Business & FinancePolitics

IMF ‘vindicates’ Isaac Adongo on spiralling debt and its risks to Ghana’s economy

The International Monetary Fund (IMF) has warned that Ghana’s growing debt presented elevated risks to the economy, confirming earlier concerns by financial analyst and Member of Parliament (MP) for Bolgatanga Central Constituency, Mr. Isaac Adongo, that the government needed to reduce the pace of debt accumulation to safeguard the economy from crashing.

In its Article IV review statement issued on July 19, the fund said the risks to the country’s ability to repay had increased, projecting that, the ratio of the debt-to-gross domestic product (GDP) would hit 83.5% at the end of 2021.

Last year, the country used about 87% of total tax revenue to service debt with estimates showing that debt service expenditure would consume more than 91% of tax revenue this year.

The fund stressed that urgent steps were needed to mitigate the growing risk associated with the continuous rollover of maturing debts and restore debt sustainability in the short to medium term.

The position of the IMF mirrored earlier concerns by the Deputy Ranking Member of Parliament’s Finance Committee as expressed in a public lecture on the economy in June 2021 that, debt growth had assumed a sustained upward trajectory when President Nana Addo Dankwa Akufo-Addo and Vice President Dr. Mahamudu Bawumia took office in 2017.

“An amount of about GH¢180 billion was added to our debt stock within a space of four years, an indication that Akufo-Addo and Bawumia have accounted for more than 60% of Ghana’s debt stock since independence.”

The Chartered Accountant said, beyond the quantum of the debt being an issue, Government had failed to boost the export earning capacity of the economy as buffer to repay the foreign currency-denominated loans.

He said a recent IMF and World Bank Debt sustainability analysis of Ghana showed that Ghana had breached the threshold of this measure for debt sustainability, signifying heightened external vulnerability.

He also noted that the country lacked adequate reserves at the Bank of Ghana to cover for debt held by non-resident investors.

“As a rule of thumb, a country must have at least $2 for every dollar of short-term capital holding of non-resident investors. However, over the last couple of years, declining net international reserves of Ghana has resulted in breaches of this prudential foreign currency reserve requirement.

“By the end of 2019, Ghana’s net international reserves could hardly cover for 50 cents of every $3 short-term capital holding of non-resident investors.”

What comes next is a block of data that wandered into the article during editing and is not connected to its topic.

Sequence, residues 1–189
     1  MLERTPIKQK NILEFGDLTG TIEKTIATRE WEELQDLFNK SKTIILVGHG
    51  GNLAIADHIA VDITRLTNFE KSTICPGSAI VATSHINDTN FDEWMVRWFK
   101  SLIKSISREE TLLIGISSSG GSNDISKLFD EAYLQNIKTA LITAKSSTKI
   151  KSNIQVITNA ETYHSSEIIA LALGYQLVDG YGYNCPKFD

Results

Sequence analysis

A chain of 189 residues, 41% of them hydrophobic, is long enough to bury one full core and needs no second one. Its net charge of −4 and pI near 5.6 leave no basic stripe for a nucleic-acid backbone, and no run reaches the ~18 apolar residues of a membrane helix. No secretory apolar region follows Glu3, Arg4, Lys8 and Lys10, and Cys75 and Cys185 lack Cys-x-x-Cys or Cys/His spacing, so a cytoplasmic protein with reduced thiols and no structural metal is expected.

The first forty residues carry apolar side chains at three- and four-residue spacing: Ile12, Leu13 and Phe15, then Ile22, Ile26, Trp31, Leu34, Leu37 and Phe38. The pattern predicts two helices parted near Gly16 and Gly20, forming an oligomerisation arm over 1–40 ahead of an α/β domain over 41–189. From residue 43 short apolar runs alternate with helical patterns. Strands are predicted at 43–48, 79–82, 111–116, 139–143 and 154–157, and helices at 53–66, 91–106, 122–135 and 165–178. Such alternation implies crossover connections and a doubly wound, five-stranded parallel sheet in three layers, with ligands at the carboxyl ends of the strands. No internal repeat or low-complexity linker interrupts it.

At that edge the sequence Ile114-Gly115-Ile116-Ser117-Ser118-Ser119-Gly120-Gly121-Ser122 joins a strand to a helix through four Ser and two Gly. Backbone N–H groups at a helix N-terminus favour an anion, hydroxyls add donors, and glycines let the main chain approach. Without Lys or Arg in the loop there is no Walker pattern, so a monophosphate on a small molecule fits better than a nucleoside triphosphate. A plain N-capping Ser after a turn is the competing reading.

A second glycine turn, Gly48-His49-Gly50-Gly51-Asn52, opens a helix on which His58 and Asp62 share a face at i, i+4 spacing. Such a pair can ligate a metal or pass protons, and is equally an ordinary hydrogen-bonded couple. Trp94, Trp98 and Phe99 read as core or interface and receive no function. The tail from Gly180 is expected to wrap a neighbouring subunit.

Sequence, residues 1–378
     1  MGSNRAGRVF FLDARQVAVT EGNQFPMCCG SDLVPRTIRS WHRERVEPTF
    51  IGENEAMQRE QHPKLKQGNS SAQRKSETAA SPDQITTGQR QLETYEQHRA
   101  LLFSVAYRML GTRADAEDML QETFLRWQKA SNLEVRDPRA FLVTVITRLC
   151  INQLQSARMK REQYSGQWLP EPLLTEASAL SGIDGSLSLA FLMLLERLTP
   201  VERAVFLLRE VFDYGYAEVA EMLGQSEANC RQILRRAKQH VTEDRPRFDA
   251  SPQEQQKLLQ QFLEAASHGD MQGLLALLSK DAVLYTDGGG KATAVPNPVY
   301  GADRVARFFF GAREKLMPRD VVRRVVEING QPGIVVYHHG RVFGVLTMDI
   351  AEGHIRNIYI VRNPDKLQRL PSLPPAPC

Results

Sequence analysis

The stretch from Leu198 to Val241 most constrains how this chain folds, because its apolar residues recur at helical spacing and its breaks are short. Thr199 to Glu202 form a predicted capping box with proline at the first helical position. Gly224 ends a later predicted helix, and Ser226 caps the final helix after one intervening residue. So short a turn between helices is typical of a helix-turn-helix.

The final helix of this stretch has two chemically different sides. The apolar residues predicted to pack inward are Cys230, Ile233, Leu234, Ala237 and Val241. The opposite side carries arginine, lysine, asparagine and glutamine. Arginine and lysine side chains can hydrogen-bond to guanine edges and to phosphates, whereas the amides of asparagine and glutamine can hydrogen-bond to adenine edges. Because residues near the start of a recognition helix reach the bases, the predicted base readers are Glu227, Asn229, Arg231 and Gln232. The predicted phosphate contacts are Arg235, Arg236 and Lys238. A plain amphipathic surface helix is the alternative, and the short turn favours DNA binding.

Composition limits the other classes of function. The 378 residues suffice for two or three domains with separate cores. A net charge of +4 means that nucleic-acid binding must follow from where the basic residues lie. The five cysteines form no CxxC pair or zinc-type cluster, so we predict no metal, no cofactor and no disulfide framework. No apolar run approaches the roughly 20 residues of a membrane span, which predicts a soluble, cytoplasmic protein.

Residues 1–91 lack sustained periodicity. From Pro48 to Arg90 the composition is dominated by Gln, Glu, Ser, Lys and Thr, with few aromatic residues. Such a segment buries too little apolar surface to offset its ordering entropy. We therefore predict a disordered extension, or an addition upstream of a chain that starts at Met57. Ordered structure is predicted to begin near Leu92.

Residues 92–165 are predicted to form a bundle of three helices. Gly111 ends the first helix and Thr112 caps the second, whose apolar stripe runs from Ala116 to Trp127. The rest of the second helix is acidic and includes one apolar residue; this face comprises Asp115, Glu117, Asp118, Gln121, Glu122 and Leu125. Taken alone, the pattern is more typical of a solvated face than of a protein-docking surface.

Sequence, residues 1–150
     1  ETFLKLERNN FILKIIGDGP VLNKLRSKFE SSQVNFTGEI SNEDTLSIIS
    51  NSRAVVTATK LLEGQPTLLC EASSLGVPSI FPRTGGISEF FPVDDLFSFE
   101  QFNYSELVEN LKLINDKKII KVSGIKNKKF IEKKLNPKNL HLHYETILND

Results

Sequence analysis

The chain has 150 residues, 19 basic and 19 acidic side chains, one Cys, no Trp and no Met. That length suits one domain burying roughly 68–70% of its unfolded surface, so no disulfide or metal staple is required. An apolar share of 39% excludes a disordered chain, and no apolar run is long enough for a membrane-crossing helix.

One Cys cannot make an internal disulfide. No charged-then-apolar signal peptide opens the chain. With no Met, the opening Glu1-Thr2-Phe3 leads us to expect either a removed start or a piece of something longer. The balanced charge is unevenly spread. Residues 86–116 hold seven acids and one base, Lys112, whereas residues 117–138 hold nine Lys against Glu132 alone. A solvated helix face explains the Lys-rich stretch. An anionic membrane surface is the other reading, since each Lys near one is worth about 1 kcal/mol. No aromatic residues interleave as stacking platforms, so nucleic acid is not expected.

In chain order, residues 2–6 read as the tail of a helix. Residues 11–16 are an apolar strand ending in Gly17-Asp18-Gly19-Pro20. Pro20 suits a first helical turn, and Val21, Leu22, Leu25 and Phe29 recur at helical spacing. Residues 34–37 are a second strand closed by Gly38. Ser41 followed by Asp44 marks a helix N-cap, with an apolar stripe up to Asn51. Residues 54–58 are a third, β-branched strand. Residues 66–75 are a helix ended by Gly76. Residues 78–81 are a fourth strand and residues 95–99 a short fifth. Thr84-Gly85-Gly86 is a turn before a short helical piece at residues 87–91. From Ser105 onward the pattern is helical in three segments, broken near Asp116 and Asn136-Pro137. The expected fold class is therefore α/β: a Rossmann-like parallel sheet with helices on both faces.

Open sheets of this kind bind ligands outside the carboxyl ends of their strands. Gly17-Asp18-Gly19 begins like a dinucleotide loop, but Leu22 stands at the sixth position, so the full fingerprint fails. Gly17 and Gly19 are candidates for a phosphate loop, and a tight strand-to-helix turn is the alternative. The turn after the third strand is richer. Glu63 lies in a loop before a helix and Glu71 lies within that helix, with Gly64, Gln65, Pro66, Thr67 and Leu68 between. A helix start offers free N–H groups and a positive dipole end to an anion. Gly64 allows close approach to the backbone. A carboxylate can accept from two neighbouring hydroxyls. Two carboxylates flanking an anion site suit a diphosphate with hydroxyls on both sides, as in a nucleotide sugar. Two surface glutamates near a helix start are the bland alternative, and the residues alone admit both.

“You will recall that in 2019, significant reversals of portfolios of domestic bonds held by non-residents in Ghana and mounting uncovered auctions led to excessive depreciation of the cedi as our buffers were inadequate to stem the huge liquidity demands in the forex market,” he said.

In the CFR public lecture, the renowned legislature added that the rising levels of fiscal deficits, low revenue generation and high levels of debt service resulted in rising primary balance deficits, which meant that the country has been borrowing to pay interest costs.

Mr. Adongo also noted that the ability of the economy to sustain the pace of the debt accumulation was also worrying.

On the solutions, Mr. Isaac Adongo said the country must be prudent and fast to “avert a looming market access complication on the international capital market as investors begin to protect their monies from potential default.”

“Beginning with the 2021 mid-year budget estimate, government must reign in its expenditure by rationalizing its spending and resist the temptation to request supplementary appropriations for additional expenditure, he said.

The Bolgatanga Central MP also said he was aware that dealing with these recommendations may require very tough decisions that should be immediate and drastic.

“This may be politically difficult to initiate and implement.

To achieve this, I call on the Government to seek help from Ghanaians and begin to engage financial and natural resource governance experts to engender trust.

National dialogue and consensus around the critical national issues and solutions should be held immediately for the critical stakeholder buy-in.

“Ghana is not in normal times and we need to muster the political will to pursue the most difficult efficacious policy shifts to save our country,” the financial analyst added.


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